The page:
$$\nabla z=\left\langle\frac{\partial z}{\partial x},\frac{\partial z}{\partial y}\right\rangle^T=\langle12x^2+3y,12y^2+3x\rangle^T$$ At $(-1,1,-3)$, we have $\nabla z=\begin{pmatrix}15\\9\end{pmatrix}$ so we can conclude that the plane is of the form $z=15x+9y+c$. Solving for $c$, we have \begin{align}-3&=15(-1)+9(1)+c\\3&=c\end{align} So the ...

6

Hint: Notice that the numerator factors as follows: $$x^3 - y^3 = (x - y)(x^2 + xy + y^2)$$ Now factor the denominator and cancel the $(x-y)$ factor.

1

Having a non-zero differential is not sufficient to get what you want. If you assume that the differential of $f$ at $0$ has rank $2$, then the local inversion theorem says that the map $f$ is a local diffeomorphism in a neighborhhod of $0$. In particular, there exists a neighborhood $U$ of $(0,0)$ such that if $(x,y) \in U$ with $f(x,y) = f(0,0)$ then ...

0

Let $p=(p_1,\dots,p_n)$ be the "Pole", i.e., center of projection, lying on the unit sphere. The role of the $x_n$-coordinate is now taken by the linear functional $\varphi$ defined by $x\mapsto x\cdot p$. Note that $\varphi(p)=1$. Given a point $x$ on the sphere, rescale the vector $x-p$ so that the $\varphi$ value of the scaled vector is $-1$. Then add ...

1

for your general education, i will instead compute $\frac{d a^x }{dx}$, then you should be able to apple the chain rule to get your result by using the fact $(x^n)' = nx^{n-1}$ : $a \in \mathbb{R}$ $$\frac{d a^x}{dx } = \lim_{\Delta x \to 0} \frac{a^{\Delta x + x} - a^x}{\Delta x} = a^x \bigg( \lim_{\Delta x \to 0} \frac{a^{\Delta x}-1}{\Delta x } \bigg) ... 0 You can also take the logarithm of both sides and compute the derivative. y = 2^\sqrt{t} gives \log(y)= \sqrt{t}\ \log2 Then y' / y = \log{2} / (2 \sqrt{t}) and then y' = 2^\sqrt{t} \log{2} / (2 \sqrt{t}). This only requires to remember what is the derivative of a logarithmic function. 3 Sounds like Chain rule. First, notice that$$ 2^{\sqrt{t}} = \left(e^{\log 2}\right)^{\sqrt{t}} = e^{\log 2\sqrt{t}} $$Then$$ \frac{dy}{dt} = \frac{d}{dt}\left(e^{\log 2\sqrt{t}}\right) = \left(e^{\log 2\sqrt{t}}\right)\frac{d}{dt}\left(\log 2\sqrt{t}\right) = 2^\sqrt{t}\frac{\log 2}{2\sqrt{t}} $$Where \log is the natural logarithm. 0 The differential of f at the given point P is a linear map, respresented by a 1\times 2 matrix, namely f'(P)=\left(\displaystyle\frac{df}{dx}(P),\ \frac{df}{dy}(P)\right). Now, by assumption, df/dx(P)=6, and let b:=df/dy(P) the missing coordinate. The other piece of information tells us that$$\pmatrix{6&b}\cdot\pmatrix{1/\sqrt5 \\ 2/\sqrt5} ...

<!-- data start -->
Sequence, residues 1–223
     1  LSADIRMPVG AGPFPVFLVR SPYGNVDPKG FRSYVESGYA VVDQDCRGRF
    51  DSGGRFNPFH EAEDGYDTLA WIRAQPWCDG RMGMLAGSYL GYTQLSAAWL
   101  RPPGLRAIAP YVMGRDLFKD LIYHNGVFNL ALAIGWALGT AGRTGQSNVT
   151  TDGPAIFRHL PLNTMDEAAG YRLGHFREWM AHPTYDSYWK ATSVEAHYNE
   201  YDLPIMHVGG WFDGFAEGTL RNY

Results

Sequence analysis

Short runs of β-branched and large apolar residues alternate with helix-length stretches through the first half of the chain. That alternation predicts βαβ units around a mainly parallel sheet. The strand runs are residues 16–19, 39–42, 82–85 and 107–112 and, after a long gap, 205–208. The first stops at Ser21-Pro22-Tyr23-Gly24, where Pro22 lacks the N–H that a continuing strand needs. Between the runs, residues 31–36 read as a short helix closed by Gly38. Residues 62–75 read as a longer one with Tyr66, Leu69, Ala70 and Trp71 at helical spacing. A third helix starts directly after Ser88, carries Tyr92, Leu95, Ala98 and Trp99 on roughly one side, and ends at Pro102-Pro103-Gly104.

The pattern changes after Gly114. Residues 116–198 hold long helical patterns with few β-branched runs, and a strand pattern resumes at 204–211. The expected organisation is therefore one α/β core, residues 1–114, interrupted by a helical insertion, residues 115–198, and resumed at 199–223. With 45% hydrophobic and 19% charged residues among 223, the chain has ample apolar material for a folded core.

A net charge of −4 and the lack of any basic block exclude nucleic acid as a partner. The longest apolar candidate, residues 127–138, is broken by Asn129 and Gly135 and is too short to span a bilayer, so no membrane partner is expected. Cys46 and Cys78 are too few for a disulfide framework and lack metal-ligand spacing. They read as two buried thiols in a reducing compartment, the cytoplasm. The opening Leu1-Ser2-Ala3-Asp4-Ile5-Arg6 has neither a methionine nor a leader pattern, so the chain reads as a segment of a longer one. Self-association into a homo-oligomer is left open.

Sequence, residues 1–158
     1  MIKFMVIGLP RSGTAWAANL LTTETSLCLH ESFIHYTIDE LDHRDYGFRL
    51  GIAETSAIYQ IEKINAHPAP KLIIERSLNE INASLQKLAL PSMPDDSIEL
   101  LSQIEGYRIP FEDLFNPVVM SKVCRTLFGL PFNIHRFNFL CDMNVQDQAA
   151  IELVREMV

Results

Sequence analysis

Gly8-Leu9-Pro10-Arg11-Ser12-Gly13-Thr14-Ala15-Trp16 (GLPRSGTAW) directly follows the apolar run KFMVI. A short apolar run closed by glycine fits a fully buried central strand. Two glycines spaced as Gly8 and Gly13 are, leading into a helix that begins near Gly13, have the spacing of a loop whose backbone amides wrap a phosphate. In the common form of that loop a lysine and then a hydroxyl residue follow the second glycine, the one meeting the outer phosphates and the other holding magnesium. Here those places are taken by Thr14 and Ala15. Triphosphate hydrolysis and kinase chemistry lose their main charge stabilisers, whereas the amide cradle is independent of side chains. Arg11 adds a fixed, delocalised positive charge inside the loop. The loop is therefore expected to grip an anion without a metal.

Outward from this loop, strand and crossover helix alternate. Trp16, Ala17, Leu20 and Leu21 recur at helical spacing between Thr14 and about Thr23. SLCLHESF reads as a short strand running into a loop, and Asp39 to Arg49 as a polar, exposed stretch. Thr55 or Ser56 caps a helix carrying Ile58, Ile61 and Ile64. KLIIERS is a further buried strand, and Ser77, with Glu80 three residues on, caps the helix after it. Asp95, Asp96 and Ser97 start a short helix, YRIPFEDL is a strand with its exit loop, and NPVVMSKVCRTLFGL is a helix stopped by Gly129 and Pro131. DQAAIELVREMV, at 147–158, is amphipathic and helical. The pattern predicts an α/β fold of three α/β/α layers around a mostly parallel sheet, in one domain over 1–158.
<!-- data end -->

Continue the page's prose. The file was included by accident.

1

The directional derivative of $f(x,y)$ along some unit vector $\mathbf{v}$ is $\nabla f(x,y) \cdot \mathbf{v}$. Applying this to the given in the problem: $$\frac{1}{\sqrt{5}}\cdot\frac{\partial f}{\partial x} + \frac{2}{\sqrt{5}}\cdot\frac{\partial f}{\partial y}=\frac{16}{\sqrt{5}}$$ Using the value ${\partial f}/{\partial x} = 6$, we get ${\partial ... 1 I assume the function is defined to be$0$at$(0,0)$. Otherwise, it makes not senseto talk about differentiability at this point. I claim the derivative exists and is$\nabla f=\langle 0, 0\rangle$. To prove it, observe that $$\left|\frac{(x^{2}+y^{2})sin\left(\frac{1}{\sqrt{(x^{2}+y^{2})}}\right)-0}{\sqrt{x^{2}+y^{2}}}\right|=\sqrt{(x^{2}+y^{2})}\ ... 1 If k=(0,0,1), then the integral I is actually two-dimensional and over the space \{u_3=0\} and the integrand is \exp(-\alpha(w_1-u_1)^2)\cdot\exp(-\alpha(w_2-u_2)^2). The change of variable$$(u'_1,u'_2)=(u_1-w_1,u_2-w_2) $$shows that I is the square of$$ \int_\mathbb R\mathrm e^{-\alpha v^2}\mathrm dv=\sqrt{\frac{\alpha}\pi}, $$hence$$ ... 1 The Dirac delta distribution is non-zero only when its argument is 0. So integrating over all space is really not precise. Since k is constant, the only contribution to the integral is in the space$\mathbf{k}\cdot \mathbf{u} = 0$which you should be able to prove is a plane orthogonal to k. You should then be able to do a change of variables which lowers ... 0 You cannot solve a second-order differential equation by separating variables as you did. You're supposed to know (or have been shown) that the general solution of$\dfrac{d^2x}{dt^2}+x=0$is$x(t)=c_1 \cos t + c_2\sin t$. An alternative solution fitting multivariable calculus is to note that$G(x,y)=(x,y)\$ is orthogonal to the flow line at the point ...